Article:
23 | MAY | 2019
Archeological remains found near Mexico’s Santa Lucía Air Force Base
Prieto spoke about the airport terrain at the end of a session to commemorate the 80th anniversary of Mexico’s INAH - Photo: Antonio Cruz/CUARTOSCURO.COM

Archeological remains found near Mexico’s Santa Lucía Air Force Base

25/04/2019
14:53
Antonio Díaz / Clínica de Periodismo
Mexico City
-A +A
President López Obrador plans to expand the Santa Lucía airbase and turn it into a civilian airport

The director of Mexico’s National Institute of Anthropology and History (INAH), Diego Prieto, informed that there were archeological remains near the Santa Lucía airbase, which President López Obrador plans to expand and turn into a civilian airport. This after scouting the area with a team of experts.

However, the social anthropologist from the National College of Anthropology and History did not reveal the results of the inspection, though he did propose a few actions to prevent damage to Mexico’s cultural heritage.

“There are remains everywhere. We’ve already conducted a few tours. We will be in charge of prospecting and investigate the sites. The fact that there are historic remains does not mean that a project of this magnitude cannot be undertaken, it just means that we need to promote an archeological rescue before construction begins,” he said.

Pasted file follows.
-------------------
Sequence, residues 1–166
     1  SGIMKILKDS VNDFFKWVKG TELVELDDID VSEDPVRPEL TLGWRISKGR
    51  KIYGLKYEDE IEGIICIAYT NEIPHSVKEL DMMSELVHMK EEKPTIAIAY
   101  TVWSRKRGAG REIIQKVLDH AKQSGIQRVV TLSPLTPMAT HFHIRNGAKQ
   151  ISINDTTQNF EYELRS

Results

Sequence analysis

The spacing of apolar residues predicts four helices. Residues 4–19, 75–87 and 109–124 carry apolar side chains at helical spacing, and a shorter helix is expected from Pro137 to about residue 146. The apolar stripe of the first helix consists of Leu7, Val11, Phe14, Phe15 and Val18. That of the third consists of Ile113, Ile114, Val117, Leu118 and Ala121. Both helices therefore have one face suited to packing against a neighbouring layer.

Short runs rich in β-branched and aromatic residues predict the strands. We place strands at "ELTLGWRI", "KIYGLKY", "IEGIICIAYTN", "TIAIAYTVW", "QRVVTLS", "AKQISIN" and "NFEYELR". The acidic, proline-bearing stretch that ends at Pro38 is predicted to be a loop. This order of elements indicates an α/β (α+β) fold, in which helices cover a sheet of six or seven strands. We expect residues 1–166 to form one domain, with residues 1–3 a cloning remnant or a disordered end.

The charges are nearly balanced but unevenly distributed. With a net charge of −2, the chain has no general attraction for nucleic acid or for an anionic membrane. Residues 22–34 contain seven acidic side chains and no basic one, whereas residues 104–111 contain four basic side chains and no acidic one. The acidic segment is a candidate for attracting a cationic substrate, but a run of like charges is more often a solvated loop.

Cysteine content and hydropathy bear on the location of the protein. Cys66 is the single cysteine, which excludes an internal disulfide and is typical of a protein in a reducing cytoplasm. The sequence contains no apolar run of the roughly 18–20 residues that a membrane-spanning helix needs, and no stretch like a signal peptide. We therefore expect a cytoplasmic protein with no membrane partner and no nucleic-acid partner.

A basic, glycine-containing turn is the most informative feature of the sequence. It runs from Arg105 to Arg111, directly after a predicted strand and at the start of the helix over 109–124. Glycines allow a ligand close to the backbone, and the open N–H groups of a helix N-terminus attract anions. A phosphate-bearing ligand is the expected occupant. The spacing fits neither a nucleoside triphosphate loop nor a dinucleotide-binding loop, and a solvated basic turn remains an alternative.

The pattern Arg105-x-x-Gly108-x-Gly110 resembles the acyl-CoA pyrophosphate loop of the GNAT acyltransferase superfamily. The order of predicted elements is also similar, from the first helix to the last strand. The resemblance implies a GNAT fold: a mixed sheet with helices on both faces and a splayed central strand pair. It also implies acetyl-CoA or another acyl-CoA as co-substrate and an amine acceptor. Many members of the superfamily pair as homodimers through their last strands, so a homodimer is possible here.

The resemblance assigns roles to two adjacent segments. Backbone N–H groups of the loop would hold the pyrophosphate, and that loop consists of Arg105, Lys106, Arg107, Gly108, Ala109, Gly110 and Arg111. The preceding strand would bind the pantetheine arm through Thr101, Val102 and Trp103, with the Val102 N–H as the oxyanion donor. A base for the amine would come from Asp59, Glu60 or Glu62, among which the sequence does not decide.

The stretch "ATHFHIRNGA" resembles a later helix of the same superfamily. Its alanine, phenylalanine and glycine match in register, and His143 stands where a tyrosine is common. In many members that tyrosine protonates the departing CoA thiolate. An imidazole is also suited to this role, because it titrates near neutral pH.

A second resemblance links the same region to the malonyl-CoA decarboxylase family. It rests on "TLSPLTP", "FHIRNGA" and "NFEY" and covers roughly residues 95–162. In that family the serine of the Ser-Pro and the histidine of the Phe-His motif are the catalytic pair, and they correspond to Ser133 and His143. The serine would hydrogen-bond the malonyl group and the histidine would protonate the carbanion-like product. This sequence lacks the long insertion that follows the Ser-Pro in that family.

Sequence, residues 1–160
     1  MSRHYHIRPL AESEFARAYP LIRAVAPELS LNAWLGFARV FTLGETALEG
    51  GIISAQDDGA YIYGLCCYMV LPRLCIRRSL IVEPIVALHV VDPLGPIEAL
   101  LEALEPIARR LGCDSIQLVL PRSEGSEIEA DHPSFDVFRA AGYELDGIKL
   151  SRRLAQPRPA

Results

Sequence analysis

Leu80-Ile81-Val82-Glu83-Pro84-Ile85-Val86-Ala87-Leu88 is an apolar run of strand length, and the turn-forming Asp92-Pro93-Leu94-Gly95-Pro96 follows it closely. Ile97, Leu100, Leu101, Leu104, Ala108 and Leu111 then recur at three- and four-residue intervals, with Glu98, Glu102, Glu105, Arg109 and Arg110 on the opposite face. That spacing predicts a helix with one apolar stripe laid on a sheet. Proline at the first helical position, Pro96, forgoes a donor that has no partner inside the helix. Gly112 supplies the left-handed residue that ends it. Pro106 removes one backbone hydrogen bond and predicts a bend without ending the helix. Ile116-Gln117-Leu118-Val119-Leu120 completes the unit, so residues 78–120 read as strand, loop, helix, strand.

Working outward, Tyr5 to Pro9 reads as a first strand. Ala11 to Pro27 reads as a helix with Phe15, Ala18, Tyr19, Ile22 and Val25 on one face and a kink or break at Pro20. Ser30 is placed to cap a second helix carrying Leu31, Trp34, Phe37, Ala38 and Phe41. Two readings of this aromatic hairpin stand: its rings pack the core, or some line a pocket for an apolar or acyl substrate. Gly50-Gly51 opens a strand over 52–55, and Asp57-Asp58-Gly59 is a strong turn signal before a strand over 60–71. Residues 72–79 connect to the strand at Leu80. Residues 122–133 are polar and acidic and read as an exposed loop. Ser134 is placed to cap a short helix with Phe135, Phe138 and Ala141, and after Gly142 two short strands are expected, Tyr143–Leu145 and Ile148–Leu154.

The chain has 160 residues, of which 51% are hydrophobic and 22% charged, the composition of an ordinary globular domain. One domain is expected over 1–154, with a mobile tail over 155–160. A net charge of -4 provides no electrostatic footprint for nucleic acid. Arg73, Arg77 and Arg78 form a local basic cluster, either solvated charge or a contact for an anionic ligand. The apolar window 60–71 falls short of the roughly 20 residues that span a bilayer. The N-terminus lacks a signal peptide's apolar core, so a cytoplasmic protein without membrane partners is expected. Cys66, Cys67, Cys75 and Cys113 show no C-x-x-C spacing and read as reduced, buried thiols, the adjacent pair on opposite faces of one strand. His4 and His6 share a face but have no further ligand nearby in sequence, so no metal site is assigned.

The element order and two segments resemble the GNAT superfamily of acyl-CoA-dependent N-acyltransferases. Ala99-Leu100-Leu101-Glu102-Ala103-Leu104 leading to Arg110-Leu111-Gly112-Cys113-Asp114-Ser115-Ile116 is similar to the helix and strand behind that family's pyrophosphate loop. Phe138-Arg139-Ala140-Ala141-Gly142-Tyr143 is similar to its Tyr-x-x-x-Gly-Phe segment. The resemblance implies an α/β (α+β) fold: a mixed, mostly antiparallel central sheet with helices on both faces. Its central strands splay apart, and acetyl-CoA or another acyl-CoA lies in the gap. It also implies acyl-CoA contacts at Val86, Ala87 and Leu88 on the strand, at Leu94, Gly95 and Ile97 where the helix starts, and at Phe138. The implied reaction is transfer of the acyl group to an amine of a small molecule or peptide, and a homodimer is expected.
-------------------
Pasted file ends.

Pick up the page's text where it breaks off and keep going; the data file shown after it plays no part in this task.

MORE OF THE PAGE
“If the remains are movable objects such as vases, obsidian materials, or camp remains, we need to rescue, recover, and study them in a lab. If there are structures that, due to their nature, are better left unmoved, we should find a way to rescue them on site. If this entails a few modifications to the airport project, so be it. We are not against public works, all we ask is for the government to recognize the importance of protecting our heritage and history,” he claimed.

Prieto spoke about the airport terrain at the end of a session to commemorate the 80th anniversary of Mexico’s INAH in the Chamber of Deputies, where he commented that the institute was working on a protocol to rescue archeological remains in Santa Lucía.

Regarding the culture that the remains belonged to, Diego Prieto preferred not to specify an ethnic group yet, though he said that they might be Tlahuicas, Mexicas, Otomí, or even some more ancient groups such as the Teotihuacans or Tlalicas.

“There could also be remains that date back to pre-historic nomad groups. We don’t know yet. That’s what archeology is for,” he stated.
 

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